Drew Altman, President and CEO of the Foundation, was asked to contribute to the New York Times’ Room for Debate discussion on More Medicaid, More Health? In his piece, Dr. Altman concludes “Insurance — public or private — provides financial protection and access to medical care which low-income people need just as everybody else does. But it cannot by itself change behavior, alleviate poverty, or guarantee that the medical system is doing all it can to improve health.”
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What Difference Does Medicaid Make? Assessing Cost Effectiveness, Access, and Financial Protection under Medicaid for Low-Income Adults
This brief examines the cost and use of health care among low-income nonelderly adults who are covered by Medicaid relative to their expected service use and costs if they instead had employer-sponsored insurance (ESI) coverage or were uninsured. The analysis controls for a wide array of factors that also influence utilization and spending in an effort to isolate the specific effects of Medicaid coverage. Consistent with previous research, the analysis underscores how Medicaid facilitates access to care for program beneficiaries.
This fact sheet highlights key issues about Medicaid, including the structure, financing and purpose of the program, its role for low-income beneficiaries, its share of the federal budget and state budgets and the significant implications of the coverage expansion under the Affordable Care Act. Fact Sheet (.pdf) Related chartpack: Medicaid and…
Three years after the passage of the Affordable Care Act, the March 2013 Kaiser Health Tracking Poll finds that a majority of Americans are unsure how the law will impact them, and few are paying attention to the details of state-level decisions about implementation.
This Medicaid Program at a Glance fact sheet provides an overview of the Medicaid program, the populations that it serves, the services that it covers and the expanded role it will play under the health reform law.
Beginning in 2014, the Affordable Care Act will expand Medicaid and create new health insurance exchanges that will significantly increase coverage options for citizens and lawfully present immigrants. This brief provides an overview of health coverage for immigrants today and their new coverage options under health reform. Fact Sheet (.pdf)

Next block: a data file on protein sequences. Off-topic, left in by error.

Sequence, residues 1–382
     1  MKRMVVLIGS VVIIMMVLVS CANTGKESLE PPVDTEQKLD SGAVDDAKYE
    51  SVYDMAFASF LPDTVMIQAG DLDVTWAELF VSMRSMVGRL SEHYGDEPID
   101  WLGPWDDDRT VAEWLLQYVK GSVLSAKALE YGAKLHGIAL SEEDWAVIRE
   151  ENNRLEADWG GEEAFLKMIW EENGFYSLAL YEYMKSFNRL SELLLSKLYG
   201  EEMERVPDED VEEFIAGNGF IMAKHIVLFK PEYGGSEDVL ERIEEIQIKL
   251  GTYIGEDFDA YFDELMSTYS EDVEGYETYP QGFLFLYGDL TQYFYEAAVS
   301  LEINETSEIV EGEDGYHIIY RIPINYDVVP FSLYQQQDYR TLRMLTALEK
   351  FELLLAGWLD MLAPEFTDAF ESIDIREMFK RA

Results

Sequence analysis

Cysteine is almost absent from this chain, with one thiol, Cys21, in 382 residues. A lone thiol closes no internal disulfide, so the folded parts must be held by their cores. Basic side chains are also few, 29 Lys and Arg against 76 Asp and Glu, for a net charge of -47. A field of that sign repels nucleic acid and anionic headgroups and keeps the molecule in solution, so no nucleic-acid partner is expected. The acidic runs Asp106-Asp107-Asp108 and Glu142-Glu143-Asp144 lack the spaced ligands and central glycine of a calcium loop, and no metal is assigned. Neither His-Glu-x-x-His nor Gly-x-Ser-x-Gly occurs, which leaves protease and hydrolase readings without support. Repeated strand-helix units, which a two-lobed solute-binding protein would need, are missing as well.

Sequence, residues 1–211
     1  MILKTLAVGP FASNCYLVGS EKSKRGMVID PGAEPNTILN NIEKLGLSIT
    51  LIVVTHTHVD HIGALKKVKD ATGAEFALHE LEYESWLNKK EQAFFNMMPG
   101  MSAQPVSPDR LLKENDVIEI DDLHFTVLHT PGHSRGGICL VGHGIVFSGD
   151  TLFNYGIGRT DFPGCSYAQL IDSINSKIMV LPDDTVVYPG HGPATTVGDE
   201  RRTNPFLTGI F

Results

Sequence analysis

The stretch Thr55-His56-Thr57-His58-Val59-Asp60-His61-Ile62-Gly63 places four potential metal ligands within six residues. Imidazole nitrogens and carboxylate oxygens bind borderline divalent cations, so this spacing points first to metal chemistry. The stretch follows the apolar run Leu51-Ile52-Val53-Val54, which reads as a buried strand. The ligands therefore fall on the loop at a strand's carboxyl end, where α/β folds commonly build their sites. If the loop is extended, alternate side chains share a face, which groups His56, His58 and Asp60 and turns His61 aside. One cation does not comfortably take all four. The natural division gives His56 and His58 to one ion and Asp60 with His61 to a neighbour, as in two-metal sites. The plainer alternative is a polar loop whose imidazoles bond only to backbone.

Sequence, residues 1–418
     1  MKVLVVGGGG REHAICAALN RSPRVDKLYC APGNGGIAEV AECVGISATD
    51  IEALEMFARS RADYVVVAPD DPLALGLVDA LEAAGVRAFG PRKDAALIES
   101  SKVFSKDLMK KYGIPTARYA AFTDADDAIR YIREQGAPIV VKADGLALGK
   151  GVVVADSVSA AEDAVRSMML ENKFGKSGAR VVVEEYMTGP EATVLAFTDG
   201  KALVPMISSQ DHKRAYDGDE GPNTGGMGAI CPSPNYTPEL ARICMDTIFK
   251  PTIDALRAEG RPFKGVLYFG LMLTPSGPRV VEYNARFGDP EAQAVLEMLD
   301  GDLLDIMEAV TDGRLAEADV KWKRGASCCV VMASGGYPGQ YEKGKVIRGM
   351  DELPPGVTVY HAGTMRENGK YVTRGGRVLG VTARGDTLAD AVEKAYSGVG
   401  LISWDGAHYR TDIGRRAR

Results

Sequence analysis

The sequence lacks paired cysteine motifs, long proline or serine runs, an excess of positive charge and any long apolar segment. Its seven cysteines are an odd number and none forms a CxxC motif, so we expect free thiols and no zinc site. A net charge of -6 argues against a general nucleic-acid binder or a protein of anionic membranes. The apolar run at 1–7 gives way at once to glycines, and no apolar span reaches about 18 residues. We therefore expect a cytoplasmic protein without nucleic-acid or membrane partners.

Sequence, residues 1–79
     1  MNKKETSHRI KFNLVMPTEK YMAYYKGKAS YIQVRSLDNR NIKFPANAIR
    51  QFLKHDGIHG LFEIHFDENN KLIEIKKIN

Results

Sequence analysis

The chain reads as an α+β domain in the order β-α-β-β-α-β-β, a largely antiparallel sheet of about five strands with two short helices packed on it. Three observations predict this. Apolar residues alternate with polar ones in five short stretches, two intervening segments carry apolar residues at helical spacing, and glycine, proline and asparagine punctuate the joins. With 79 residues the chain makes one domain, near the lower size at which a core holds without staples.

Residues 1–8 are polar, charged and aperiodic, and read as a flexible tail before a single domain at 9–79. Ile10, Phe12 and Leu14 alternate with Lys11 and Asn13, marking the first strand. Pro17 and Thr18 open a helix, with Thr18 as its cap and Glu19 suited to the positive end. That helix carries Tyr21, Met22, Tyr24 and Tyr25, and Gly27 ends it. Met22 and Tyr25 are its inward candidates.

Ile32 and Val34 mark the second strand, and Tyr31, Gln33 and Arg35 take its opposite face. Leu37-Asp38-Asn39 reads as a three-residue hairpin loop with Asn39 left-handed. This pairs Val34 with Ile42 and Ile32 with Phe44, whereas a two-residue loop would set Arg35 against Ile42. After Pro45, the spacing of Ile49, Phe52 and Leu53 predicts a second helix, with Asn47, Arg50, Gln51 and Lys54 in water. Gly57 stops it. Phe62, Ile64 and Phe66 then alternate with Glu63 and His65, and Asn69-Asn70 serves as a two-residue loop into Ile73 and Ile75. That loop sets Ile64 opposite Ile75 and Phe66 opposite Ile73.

This primer provides an overview of Medicaid, the nation’s largest health coverage program, which covers more than 62 million low-income individuals, including children and families, people with disabilities and seniors who are also covered by Medicare. Medicaid also is the dominant source of the country’s long-term care financing. The program will expand significantly under the Affordable Care Act in 2014.
Medicaid, the nation’s public health insurance program for low-income people, now covers nearly 60 million Americans, including many working families, low-income elderly, and individuals with disabilities. Medicaid beneficiaries tend to be poorer and sicker than those enrolled in private insurance. Given these characteristics, federal law limits the extent to which…
Medicaid covers nearly 60 million Americans. Because the population covered by the program is low-income, federal law limits the extent to which states can charge premiums and cost-sharing amounts, particularly for pregnant women, children and adults with incomes below poverty. Yet there is renewed interest in the use of premiums…
“Great Expectations and the Affordable Care Act,” Larry Levitt’s February 2013 post for The JAMA Forum, is now available online.